Charlie Mc Mahon
Charlie Mc Mahon was born in 1951 in the Blue Mountains. He is the founder of the band Gondwanaland and is one of the first Australians (non-Aboriginal) to become professional in didgeridoo. He also patented the didjeribone, one of the first sliding didgeridoo enabling the player to tune the instrument. Charlie Mc Mahon’s style is based on experimental music and mixing didgeridoo with synthetic sounds. The sound is precise, favoring harmonics over bass.
Originally from Australia, Adam Plack currently lives in Los Angeles where he mainly composes and records film music. He is part of the first generation of players, certainly a little less known than Mark Atkins or Ash Dargan. He nevertheless participated in the history of the contemporary didgeridoo. His style is massive with very present bass.
Second generation of Australian didgeridoo player
In the same vein as eMDee, but this time in Byron Bay, Australia, Wild Marmelade consists of a drummer and a didgeridoo. The compositions they propose have only one purpose: to make you dance! Si Mullumby is the didgeridoo player in this duo. He started at the same time as Mark Hoffman (as did Ganga Giri) and all three are in the second generation of players. Tongue attacks are widely used and give jerky rhythms to his style that follow the drummer.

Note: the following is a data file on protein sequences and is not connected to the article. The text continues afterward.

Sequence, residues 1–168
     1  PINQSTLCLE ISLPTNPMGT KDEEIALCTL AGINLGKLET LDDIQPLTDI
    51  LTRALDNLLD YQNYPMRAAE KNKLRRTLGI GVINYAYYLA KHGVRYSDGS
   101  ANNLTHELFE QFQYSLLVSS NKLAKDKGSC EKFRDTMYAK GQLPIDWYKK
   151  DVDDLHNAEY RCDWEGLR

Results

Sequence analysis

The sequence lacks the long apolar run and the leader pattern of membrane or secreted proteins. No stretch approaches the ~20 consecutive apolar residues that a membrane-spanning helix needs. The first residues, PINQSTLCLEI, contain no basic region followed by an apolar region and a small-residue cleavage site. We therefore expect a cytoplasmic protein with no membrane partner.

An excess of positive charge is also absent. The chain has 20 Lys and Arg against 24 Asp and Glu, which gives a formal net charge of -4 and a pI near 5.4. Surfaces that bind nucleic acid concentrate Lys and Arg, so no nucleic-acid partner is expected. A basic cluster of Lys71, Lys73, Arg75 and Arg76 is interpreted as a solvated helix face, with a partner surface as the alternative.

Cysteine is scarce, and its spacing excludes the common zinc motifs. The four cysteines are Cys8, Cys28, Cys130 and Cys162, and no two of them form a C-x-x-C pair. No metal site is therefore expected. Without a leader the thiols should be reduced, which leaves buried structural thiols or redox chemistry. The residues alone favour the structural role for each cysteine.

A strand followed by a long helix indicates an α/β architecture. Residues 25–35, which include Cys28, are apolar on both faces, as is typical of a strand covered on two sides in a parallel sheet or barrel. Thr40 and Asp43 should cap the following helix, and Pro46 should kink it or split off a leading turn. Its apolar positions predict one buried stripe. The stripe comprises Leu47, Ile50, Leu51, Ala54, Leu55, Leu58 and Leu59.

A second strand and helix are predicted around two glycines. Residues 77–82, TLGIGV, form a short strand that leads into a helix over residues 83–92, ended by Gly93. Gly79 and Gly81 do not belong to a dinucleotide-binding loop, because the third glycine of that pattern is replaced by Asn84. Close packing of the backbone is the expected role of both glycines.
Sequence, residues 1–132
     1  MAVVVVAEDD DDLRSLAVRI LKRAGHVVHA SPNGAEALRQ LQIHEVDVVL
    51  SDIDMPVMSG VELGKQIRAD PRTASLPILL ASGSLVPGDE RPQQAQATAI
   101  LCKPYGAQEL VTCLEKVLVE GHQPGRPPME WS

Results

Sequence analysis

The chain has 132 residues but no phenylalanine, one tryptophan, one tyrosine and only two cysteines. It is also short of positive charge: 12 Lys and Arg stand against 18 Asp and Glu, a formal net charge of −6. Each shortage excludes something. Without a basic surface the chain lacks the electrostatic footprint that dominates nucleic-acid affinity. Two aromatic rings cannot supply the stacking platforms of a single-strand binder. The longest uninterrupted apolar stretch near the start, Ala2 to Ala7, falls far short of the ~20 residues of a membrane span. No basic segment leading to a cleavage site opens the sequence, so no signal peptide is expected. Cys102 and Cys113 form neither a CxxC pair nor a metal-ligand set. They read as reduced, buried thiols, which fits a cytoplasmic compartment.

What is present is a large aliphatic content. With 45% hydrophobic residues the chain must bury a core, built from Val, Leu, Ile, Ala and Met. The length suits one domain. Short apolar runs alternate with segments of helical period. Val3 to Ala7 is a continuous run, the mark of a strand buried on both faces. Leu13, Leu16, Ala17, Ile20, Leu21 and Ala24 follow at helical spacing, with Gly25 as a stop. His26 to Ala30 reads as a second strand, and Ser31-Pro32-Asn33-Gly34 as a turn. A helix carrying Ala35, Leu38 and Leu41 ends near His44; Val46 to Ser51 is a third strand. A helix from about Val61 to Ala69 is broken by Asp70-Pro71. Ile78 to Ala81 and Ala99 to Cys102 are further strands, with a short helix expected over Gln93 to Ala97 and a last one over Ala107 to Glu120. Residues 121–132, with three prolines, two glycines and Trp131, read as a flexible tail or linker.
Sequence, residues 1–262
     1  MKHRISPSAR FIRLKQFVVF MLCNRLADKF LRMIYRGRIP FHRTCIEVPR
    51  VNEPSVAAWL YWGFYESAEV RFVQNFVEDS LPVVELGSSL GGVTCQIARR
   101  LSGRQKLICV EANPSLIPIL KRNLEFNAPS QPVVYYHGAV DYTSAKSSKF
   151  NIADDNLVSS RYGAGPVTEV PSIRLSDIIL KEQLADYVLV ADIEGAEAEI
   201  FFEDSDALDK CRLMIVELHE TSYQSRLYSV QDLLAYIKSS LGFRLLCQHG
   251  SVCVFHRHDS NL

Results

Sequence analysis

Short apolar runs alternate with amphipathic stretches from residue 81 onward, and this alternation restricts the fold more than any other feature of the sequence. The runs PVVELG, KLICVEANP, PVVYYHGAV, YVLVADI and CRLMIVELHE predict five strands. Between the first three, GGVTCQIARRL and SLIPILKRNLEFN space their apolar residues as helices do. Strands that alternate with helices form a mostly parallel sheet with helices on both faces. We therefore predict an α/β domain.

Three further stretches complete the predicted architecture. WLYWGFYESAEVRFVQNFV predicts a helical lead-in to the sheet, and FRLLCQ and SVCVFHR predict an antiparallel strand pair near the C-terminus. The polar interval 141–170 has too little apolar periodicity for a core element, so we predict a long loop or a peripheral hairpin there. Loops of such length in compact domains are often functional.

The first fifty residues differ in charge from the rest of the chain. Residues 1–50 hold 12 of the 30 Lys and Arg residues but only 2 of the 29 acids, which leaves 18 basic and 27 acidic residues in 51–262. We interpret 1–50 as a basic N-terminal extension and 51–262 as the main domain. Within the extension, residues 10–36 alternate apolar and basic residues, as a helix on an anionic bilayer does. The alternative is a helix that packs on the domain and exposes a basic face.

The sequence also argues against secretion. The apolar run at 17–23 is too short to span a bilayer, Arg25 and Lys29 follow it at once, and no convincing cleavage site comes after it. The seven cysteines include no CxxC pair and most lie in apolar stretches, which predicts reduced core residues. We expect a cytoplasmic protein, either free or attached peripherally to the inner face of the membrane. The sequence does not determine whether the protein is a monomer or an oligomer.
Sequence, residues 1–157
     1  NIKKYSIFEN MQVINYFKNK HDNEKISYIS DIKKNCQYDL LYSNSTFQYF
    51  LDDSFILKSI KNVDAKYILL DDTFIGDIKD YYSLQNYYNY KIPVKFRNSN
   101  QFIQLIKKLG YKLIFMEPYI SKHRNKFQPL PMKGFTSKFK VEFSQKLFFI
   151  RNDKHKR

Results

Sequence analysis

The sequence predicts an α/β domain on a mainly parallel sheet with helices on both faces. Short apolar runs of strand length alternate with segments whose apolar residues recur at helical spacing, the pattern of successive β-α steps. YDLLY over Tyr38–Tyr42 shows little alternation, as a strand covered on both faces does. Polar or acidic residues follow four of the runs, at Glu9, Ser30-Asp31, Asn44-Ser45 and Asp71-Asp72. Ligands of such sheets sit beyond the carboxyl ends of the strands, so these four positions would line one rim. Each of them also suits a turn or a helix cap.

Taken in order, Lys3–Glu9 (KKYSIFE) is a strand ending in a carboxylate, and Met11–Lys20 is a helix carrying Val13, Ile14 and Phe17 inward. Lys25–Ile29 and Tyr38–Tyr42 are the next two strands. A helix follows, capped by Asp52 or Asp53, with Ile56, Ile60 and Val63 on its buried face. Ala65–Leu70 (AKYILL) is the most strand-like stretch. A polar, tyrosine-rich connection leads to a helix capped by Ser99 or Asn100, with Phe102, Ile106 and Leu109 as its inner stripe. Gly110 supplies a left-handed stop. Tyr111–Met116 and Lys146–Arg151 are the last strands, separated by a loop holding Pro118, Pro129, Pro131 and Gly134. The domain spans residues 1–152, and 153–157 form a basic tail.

Formed in the mid-1990s, Ganga Giri could be defined as tribal techno. This music is made to move people and you can feel it! Mixing electro-modern sounds with didgeridoo, accompanied by “tribal” dancers on stage, Ganga Giri claims the multi-cultural side of his country, Australia.
Xavier Rudd is a multi-instrumentalist. When he is not singing, he plays both harmonica and Djembe as well as guitar and of course didgeridoo. He is influenced by various styles such as Reggae, Blues, Funk… His albums are a mix of all these instruments and all these musical styles. Known for the energy he radiates on stage, he is the kind of musician to listen to live!
Mark Robinson is from Darwin. Unlike the other players mentioned in this article, he has never sought to pursue a professional career or make himself known. Hazards of life led him to live in Germany for a few years. During this period, he was able to teach and spread his style in Europe, and particularly in France. Mark has a style of his own, with extreme tongue attacks. The accuracy of his attacks has been a real discovery for many players!
Conclusion: the basics of contemporary didgeridoo playing
These players laid the first foundations of contemporary didgeridoo playing. It can be noted that the first generation developed a massive sound with diffuse harmonics, while tongue attacks seem to be beginning to take hold with the second generation. The harmonics are already beginning to be played less. This insight into the past allows us to better understand the development of the contemporary world didgeridoo playing that was being prepared at the time! The rest in a future article!